Nasser Sherida Al Kaabi, General Manager of the Qatar Racing and Equestrian Club identified his nation’s ongoing development of racing both in the country, but also through overseas marketing efforts, while also beginning a commercial breeding operation. While Qatar’s partnerships with racing operators in France and England have focused on the Qatari brand, the goal is to “bring back competition to Qatar in the long run,” said Mr. Al Kaabi. The recent retirement by Qatar-owned Toast of New York, second in the Breeders’ Cup Classic and a winner of the UAE Derby, is serving as a first foray to become a global breeding centre, with incentives for those sending mares to Qatar.
Inanc Inal, betting manager for the Jockey Club of Turkey, revealed an update on racing in the country, which included 984 race meetings for 5,428 races. With US$135 million in total prize money available, Turkish business has bucked other downward trends experienced by many other jurisdictions.
Finally, Park Yang Tae, Executive Director of Racing from the Korea Racing Authority (KRA) outlined the significant developments in recent years towards rebranding the racing experience. The KRA’s focus has been on internationalizing its racing product and revealed they will two Korean Group 1 events on 11 September at Seoul Racecourse with eight foreign-trained runners invited to compete against a similar number of local stars. This has led to significant attention on the development of modern quarantine and export protocols.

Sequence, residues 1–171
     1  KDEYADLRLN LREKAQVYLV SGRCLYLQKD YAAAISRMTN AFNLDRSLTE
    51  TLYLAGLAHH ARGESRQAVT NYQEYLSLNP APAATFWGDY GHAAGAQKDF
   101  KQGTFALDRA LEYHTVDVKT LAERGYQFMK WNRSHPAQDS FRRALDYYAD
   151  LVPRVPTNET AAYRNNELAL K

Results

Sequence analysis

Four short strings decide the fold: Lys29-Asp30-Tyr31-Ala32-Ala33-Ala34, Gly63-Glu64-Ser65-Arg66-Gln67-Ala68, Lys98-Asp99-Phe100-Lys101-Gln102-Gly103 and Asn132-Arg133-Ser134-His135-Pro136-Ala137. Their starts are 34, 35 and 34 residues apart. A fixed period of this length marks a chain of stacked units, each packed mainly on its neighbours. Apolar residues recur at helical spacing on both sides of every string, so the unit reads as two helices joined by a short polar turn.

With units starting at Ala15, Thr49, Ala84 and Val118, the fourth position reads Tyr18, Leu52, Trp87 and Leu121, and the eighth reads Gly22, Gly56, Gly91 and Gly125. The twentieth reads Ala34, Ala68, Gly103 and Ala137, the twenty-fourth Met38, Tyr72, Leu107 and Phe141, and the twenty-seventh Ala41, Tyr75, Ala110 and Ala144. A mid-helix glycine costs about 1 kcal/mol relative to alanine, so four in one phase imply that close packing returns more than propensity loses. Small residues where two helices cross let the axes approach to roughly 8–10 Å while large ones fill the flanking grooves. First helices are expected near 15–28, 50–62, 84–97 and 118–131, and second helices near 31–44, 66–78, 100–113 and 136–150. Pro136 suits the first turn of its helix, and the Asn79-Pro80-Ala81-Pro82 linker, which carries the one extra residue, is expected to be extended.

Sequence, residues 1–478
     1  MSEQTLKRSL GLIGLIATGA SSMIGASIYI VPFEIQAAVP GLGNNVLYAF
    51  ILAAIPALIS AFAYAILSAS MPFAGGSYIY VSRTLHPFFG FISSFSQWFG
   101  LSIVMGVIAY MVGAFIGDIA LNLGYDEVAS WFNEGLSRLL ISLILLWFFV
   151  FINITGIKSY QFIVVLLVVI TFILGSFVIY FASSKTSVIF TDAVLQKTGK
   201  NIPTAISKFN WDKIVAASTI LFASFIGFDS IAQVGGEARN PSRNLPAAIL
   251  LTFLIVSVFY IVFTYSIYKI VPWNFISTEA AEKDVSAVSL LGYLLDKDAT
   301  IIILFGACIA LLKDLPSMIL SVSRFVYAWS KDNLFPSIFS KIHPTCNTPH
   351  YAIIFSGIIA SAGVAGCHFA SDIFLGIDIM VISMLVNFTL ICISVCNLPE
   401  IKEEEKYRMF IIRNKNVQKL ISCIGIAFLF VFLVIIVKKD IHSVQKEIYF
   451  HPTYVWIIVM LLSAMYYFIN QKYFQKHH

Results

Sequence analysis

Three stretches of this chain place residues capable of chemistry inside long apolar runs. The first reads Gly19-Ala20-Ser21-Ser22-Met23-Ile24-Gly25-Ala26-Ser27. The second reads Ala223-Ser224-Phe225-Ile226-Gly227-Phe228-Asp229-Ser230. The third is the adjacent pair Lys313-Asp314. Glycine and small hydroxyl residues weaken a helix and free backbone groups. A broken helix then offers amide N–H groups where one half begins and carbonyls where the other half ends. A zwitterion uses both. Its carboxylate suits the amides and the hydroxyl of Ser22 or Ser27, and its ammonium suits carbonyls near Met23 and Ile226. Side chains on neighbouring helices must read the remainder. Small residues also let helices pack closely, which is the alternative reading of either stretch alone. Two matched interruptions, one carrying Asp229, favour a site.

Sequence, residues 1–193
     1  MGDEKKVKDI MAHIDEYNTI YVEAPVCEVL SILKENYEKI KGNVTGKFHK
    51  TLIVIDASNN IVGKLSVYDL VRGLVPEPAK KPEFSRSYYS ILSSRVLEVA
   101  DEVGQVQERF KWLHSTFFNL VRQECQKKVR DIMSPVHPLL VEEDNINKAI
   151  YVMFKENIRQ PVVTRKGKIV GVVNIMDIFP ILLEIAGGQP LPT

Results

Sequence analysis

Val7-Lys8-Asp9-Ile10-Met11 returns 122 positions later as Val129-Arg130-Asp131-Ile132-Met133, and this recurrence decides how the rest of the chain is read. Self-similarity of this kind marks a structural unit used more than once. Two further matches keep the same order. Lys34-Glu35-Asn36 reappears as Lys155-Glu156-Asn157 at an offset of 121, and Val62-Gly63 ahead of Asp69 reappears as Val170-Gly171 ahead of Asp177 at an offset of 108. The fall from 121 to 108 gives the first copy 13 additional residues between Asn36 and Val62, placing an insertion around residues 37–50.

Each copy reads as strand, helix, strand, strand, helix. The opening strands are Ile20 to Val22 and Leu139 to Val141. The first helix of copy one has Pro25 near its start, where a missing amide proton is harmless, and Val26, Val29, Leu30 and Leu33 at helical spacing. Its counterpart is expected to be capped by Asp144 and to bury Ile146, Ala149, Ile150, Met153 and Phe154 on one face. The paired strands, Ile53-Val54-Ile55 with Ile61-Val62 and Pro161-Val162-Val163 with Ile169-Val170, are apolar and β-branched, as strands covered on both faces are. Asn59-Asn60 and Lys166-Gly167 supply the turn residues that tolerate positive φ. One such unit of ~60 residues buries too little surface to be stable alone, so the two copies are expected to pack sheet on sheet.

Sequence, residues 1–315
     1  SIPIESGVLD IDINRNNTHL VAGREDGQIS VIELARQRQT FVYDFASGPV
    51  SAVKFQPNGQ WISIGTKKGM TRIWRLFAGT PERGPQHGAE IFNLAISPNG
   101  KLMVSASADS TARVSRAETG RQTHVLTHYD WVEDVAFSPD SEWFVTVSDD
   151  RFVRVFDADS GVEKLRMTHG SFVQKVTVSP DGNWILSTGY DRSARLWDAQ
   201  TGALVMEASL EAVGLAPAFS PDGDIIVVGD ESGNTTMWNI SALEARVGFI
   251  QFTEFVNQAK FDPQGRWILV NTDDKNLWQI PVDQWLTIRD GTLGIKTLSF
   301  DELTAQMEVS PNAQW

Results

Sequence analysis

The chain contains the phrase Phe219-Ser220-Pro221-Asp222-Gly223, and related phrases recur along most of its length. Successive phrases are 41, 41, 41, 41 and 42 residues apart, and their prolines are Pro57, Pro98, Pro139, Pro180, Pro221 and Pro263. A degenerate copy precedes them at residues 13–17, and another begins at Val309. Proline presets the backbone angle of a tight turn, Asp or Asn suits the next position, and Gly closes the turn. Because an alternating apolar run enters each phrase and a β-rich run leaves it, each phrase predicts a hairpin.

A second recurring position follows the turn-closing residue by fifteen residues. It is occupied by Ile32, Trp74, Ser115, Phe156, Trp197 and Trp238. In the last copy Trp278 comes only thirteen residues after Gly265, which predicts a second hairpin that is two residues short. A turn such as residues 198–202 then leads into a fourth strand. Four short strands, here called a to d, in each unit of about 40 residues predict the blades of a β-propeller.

The KRA has faced challenges in addressing the illegal markets as they estimate the turnover through illegal channels to be US$11 billion compared to their legal handle, totaling US$7 billion last year, Mr. Park reported. Positively, though, brand awareness and favorability ratings of racing are on the rise, and the KRA is planning a new racecourse to be completed in 2020, with the project operating under the theme “unplugged horse utopia.”